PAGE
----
Scaling changes the size of the object and may also change its position. Changes in object size resulting from scaling operations are stored as changes to the data file describing the document. This is different from the zoom tool which changes the size of the image on the screen, but does not affect the object itself.
The most accurate way to scale a selected object is to click on the Scale tool. This places a scale origin in the centre of the object and changes the info bar as shown. If more than one object is selected, the scale origin is placed at the centre of the area occupied by all the objects. In other words, ArtWorks treats the selection as though it had been grouped.
You can move the scale origin if you wish; you can drag it with ADJUST or you can click SELECT in the 3 x 5 matrix in the info bar. Clicking in the corner squares moves the origin to the corresponding corner of the selection. Clicking in the centre or side mid-points moves the origin to the centre or mid-point of the corresponding side of the selection. Clicking in the centre square places the origin in the centre of the selection.
To scale the selection you can either drag the pointer with SELECT or enter the required ratio in the upper writable icon in the info bar. The second method obviously provides a means of scaling with high accuracy; dragging is clearly a crude process, most suitable when you wish to resize a graphic to fill a space of known size, although the scaling ratio is displayed in the info bar.
Two toggle switches are provided in the info bar. Lines, if selected, scales line widths in proportion to the overall scaling. So if a line 0.5 pt wide is scaled by a factor of 4, its new width will be 2.0 pt and the overall effect of the graphic will be unchanged. Lock locks the aspect ratio setting at 100% when dragging. This means that the height/width ratio is unchanged, so the selection maintains its original shape. When scaling objects by entering values you may change the aspect ratio setting if you wish. Values below 100% make the selection narrower, values above 100% make it wider.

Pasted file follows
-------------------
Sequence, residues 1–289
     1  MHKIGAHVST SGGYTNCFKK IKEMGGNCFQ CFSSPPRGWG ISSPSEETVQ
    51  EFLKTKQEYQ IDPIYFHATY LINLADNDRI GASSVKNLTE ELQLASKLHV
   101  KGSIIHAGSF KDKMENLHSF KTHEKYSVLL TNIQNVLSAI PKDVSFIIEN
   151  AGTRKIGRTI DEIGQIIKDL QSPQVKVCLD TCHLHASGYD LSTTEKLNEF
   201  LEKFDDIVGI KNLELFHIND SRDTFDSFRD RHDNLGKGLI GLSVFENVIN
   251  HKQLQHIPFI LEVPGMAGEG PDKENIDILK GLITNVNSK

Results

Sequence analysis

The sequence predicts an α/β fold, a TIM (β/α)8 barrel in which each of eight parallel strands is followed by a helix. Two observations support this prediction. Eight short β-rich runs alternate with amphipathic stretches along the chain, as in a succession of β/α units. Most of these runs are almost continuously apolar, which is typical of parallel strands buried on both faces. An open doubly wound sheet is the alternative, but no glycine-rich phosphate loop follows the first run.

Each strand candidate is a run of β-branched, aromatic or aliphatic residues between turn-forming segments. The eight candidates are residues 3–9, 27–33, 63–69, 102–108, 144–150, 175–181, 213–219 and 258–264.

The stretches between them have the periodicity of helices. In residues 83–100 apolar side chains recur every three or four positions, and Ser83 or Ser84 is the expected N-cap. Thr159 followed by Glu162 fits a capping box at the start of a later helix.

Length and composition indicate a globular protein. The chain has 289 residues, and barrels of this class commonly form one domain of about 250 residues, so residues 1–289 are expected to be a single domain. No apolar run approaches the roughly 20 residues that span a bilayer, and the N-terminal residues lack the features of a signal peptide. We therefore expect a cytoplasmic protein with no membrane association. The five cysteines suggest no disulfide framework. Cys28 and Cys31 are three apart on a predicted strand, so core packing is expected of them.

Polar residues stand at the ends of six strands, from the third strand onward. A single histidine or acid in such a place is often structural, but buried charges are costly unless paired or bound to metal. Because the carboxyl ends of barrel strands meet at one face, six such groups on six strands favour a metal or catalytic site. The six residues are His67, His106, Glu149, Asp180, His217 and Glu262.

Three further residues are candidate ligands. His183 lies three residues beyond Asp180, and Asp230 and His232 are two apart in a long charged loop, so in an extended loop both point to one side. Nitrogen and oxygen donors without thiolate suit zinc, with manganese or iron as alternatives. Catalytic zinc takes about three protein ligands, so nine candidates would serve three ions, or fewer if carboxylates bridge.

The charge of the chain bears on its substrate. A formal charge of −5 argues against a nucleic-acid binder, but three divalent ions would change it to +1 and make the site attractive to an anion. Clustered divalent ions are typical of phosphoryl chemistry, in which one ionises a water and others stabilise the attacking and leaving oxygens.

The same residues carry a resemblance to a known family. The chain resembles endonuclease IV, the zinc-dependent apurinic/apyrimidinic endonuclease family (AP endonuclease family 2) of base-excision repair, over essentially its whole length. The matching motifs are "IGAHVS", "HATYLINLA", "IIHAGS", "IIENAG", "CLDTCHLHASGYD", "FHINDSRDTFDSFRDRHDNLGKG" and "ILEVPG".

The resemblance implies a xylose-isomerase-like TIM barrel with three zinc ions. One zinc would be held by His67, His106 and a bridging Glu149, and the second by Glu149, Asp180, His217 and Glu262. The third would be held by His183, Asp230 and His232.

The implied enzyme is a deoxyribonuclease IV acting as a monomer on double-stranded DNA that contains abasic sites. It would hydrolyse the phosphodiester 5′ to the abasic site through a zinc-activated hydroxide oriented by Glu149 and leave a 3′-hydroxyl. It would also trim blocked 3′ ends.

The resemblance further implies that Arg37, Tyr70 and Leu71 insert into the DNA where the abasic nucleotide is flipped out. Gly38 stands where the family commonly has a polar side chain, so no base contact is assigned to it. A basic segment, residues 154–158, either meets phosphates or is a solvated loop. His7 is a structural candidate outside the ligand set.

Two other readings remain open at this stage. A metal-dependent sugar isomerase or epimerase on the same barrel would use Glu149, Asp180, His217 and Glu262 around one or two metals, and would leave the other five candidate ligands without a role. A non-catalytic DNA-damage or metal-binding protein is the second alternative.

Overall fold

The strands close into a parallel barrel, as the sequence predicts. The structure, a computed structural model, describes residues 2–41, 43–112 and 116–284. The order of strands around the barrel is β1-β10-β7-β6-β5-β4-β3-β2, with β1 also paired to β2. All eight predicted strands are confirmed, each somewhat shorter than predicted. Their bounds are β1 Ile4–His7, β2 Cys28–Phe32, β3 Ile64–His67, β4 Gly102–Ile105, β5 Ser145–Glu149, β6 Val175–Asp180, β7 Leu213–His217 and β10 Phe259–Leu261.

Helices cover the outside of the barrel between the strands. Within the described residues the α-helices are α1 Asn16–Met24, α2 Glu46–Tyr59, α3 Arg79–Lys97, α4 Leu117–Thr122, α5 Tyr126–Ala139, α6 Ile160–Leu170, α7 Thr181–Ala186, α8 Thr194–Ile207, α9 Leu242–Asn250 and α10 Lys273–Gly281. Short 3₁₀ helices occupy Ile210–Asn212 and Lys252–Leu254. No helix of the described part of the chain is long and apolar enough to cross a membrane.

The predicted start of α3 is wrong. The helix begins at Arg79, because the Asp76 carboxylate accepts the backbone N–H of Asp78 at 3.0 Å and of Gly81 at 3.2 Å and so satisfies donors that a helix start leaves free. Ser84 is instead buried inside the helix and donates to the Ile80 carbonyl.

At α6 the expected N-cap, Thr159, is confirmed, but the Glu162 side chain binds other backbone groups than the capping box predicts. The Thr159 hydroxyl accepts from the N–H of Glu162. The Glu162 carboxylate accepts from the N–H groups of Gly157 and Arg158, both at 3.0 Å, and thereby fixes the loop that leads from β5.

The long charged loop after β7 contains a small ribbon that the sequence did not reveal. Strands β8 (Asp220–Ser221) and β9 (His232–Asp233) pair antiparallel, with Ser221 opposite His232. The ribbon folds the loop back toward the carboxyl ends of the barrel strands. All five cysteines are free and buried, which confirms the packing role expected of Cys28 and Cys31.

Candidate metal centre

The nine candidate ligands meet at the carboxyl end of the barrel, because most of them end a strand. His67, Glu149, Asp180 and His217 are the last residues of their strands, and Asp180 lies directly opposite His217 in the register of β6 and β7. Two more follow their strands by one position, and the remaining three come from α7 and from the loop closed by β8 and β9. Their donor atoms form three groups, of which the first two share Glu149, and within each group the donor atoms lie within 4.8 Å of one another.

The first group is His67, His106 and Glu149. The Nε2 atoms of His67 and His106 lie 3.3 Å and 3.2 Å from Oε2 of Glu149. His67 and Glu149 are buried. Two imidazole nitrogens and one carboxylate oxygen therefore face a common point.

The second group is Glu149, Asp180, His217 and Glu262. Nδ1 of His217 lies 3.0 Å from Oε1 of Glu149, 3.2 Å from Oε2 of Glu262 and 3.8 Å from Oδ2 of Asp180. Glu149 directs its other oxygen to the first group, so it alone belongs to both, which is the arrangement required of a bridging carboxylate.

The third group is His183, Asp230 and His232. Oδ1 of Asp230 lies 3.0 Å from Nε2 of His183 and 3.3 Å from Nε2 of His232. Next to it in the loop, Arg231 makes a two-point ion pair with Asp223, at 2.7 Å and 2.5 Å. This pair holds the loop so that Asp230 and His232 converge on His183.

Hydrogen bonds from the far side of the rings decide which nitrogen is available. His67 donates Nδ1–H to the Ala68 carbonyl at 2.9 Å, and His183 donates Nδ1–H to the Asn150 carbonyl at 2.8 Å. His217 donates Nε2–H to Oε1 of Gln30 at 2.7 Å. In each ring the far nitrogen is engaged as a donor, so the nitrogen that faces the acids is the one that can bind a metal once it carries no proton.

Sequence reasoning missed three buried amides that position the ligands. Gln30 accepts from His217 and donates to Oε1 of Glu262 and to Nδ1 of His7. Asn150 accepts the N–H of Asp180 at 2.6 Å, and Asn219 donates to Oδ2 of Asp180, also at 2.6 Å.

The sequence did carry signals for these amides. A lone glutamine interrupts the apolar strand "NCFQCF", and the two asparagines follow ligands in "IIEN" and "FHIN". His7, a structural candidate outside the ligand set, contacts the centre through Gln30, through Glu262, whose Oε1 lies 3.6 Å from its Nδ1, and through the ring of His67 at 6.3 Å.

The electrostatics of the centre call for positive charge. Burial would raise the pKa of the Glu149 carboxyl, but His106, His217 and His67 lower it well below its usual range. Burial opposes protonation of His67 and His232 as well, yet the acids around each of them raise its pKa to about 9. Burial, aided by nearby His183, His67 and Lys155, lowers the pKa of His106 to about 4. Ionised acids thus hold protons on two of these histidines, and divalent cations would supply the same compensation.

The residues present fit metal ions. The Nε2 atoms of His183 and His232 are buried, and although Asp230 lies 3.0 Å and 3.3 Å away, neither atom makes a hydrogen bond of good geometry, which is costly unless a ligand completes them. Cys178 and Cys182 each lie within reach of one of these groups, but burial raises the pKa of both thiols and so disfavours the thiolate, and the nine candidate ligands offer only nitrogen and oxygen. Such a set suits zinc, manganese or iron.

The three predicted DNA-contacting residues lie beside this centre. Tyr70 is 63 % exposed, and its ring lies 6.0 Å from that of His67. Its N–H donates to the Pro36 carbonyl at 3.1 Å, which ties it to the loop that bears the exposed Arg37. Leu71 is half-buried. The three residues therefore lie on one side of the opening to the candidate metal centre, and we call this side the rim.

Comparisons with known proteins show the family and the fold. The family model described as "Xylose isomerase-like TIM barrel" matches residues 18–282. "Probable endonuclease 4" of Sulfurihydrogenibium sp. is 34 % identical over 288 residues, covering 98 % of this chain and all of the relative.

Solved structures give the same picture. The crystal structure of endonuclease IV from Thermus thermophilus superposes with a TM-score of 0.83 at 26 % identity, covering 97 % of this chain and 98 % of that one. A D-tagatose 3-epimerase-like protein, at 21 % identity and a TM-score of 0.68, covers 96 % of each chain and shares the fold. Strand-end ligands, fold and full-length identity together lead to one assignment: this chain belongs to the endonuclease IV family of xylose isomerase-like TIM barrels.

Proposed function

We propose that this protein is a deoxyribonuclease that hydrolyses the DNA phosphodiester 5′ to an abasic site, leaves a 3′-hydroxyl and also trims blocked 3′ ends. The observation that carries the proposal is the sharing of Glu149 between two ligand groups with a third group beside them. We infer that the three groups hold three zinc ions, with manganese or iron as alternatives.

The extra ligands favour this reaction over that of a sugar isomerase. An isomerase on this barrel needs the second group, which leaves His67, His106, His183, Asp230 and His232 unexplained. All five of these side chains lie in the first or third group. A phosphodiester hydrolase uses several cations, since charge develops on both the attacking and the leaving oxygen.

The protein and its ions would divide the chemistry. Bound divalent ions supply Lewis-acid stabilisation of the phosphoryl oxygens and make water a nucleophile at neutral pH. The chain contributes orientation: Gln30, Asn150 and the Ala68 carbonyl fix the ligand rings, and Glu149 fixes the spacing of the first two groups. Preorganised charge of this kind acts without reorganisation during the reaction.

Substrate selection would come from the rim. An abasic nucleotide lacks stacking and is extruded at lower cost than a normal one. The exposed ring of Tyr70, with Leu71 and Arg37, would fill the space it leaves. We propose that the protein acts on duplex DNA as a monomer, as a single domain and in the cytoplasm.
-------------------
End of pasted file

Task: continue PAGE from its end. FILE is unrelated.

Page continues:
The X and Y icons allow rapid flipping of the selection. Clicking on X flips the selection about the vertical axis of the scale origin, creating a mirror image. Clicking on Y flips the selection about the horizontal axis of the scale axis, creating a reflection.
The position of the scale origin determines the location of the selection after rescaling. If the origin is in the centre of the selection, the centre of the selection will not move. If you drag a corner point, the opposite comer point will move an equal distance in the opposite direction. If the scale origin is at one corner of the selection, that corner will remain stationary throughout the scaling.
You can rescale certain types of object, such as rectangles, ellipses, sprites and groups, by dragging their points while the select tool is active. The point diagonally opposite that being dragged remains stationary during the drag.
Rotation works in much the same way as scaling. Clicking on the Rotate tool places a rotation origin (effectively the axis of rotation) in the centre of the selection and changes the format of the info bar. The entire selection is rotated as though grouped.
You may move the rotation origin by dragging with ADJUST or by clicking in the 3 x 3 matrix on the info bar. just as in Scaling. The Ox and Oy boxes in the icon bar display the origin's position and are writable, allowing a further way of positioning the origin.